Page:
Tiny DeLorean Made From Lighters Is A Total Gas

There’s making stuff out of trash, and then there’s mind-blowing stuff like this: a DeLorean built from four disposable cigarette lighters and various other bits and bobs like wire sheathing and cotton bud sticks. If it weren’t for the video evidence embedded below, we would have never believed that [Ank Creative] or anyone else could have turned boxy acrylic into the fastback time machine we all know and love.

Is the back window the most important detail? Maybe.

[Ank Creative] seems to have wasted no parts of the lighters, and even saved themselves a bit of trouble by using curved scraps to make the wheel wells. After installing the windshield, we certainly didn’t expect them to saw the thing in half, but how else are they going to put in the little seats and the steering column when the gull-wing doors aren’t real?

This build is all about unbelievable craftsmanship and deft but daring use of hand tools. Although this totally qualifies as an open source how-to video, you’d have to be quite the sorcerer to pull this one off. Zoom past the break (if you haven’t already) and check out this amazing build.

Disposable lighters are dirt cheap, but they get the job done and you can always see how much gas is left in the tank. On the other hand, a refillable lighter is just that, and if you build it yourself, you can make it actuate like a cap gun.

Thanks for the tip, [Keith]!

29 thoughts on “Tiny DeLorean Made From Lighters Is A Total Gas

  1. I confess that many times, the “art” projects sometimes depicted on Hackaday do little more for me than evoke an eye roll. This is something very different. It is both a hack and art… both creative and delightful. I watched the construction video and found myself smiling the whole time.

    I can’t help but be reminded of a museum display I once saw called “Prison Camp Crafts.” That display featured an astonishing array of really beautiful and useful articles fashioned by American POWs from discarded tin cans, bits of cloth or wood, glass, and other garbage. In some cases, the articles produced were of a quality that, under normal circumstances, you’d happily purchase and pay for in store.

    The use of discarded cigarette light plastic and parts here is ingenious and the craftsmanship really is fantastic.

    1. I’ve been studying creativity from a psychological perspective for the past few months.

      One thing that leapt out to me (noted in the literature) is that creativity is enhanced by restrictions: having all manner of raw materials and tools available is actually counter-productive to creativity. It’s when people have really restrictive environments that brings forth their creative talents.

      (Do an image search on “Cuban ingenuity” some time.)

      I’ve found this to be true in my own endeavors: I was always thinking of the myriad things I could build with a 3d printer, then I got one and haven’t used it since – the idea mill has dried up. The same thing has happened with at least 3 other major tools.

      I figure there’s a circuit in the brain that’s triggered by scarcity of options, which would make sense from an evolutionary/survival perspective, but it’s probably not needed (and counter to survival in some way) when there’s no scarcity.

      This would also explain why creativity is exceedingly rare in the population – the median score on the creative achievement test is zero, and 91% of the population scores 1 or less on that scale.

      1. That’s a really interesting take, and something thats bugged me for a while. When I was a penniless schoolboy/student/junior engineer not having the right bits to hand or the money to buy them, making do and what we today call hacking, meant that I adapted, and found ways round the obstacles, be they mechanical, electronic or artistic. When I started to be able to afford the things I used to miss, I felt the challenge and creative interest wane. A full set of e48 resistors? Ok, so what, I don’t actually need them anymore. It’s clear to me now that working with what you have and adapting things is the key to being creative and making things to solve problems. Don’t have the right value resistor? A bunch of what you have series/parallel, job done. Don’t have the 3d printer? Carve up old lighters. Good to see.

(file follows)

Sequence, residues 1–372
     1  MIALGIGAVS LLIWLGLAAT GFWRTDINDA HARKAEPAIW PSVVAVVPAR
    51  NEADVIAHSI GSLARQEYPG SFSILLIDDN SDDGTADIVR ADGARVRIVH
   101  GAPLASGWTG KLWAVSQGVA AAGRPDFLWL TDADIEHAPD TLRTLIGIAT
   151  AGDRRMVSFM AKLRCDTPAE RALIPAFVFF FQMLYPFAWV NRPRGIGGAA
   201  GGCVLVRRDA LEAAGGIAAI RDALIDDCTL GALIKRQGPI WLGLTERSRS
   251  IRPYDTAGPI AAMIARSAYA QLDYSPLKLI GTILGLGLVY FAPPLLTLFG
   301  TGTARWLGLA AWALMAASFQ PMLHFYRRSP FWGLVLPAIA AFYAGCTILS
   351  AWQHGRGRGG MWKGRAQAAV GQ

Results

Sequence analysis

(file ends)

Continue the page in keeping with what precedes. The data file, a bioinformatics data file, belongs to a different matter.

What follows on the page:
2. I had this thought again and again for quite a while while talking with friends about how we had our funniest and best days like 10 to 15 years ago.

        You know what tool (for me, personally) killed quite some creativity for me and us? The Internet! And especially all those YoutTube channels I love to watch and follow (which are of people who make things; funny, eh?).

        In those years we mainly brought electronics books from the library, looked at schematics and began to improvise with stuff we had. And most of that was just scavenged from old electronics like TV’s, Radios and stuff. Pyrotechnics was another hobby we did for years, nowadays you can’t go to a field and ignite 20g of flash powder anymore without people calling the police or worse…

        Of course we had access to the Internet back then and we used it, but it was of quite limited use and we needed to get information somewhere else too or think about stuff for a moment ourself.

        Now (and for the last few years really) I see thing over things over things on the net and don’t do many projects any more at all though I have a thousand ideas. Leaving for work for 9 to 10 hrs a day and having your own space to care for etc. might come into play too…

        I often feel like I could regain some of my creativity by spending less time on the net AND by using all the stuff in my drawers instead of buying new parts, PCBs, breakout boards and so on… A journey!!!

        1. Perhaps their is a sweet spot somewhere in between having access to everything and access to nothing.

          I had a very different experience with library electronics books as a kid. Most of the ones I found talked about buying vacuum tubes at the local drug store or sifting galena out of the coal in one’s own basement. Such things may as well have been written on an alien planet back in the late 80s, early 90s when I was reading them. I’ve still never seen a coal burning furnace!

          I tried to scavenge old parts but I never found a guide explaining capacitor markings in print until I didn’t need it because there was the internet. I had very little luck identifying scavenged transistors as commercial parts rarely used the same part numbers I found in hobbyist magazines. The best I could do is assume everything was a bipolar and try to identify the two diodes inside. Once I managed to achieve audio amplification with a scavenged transistor. Once!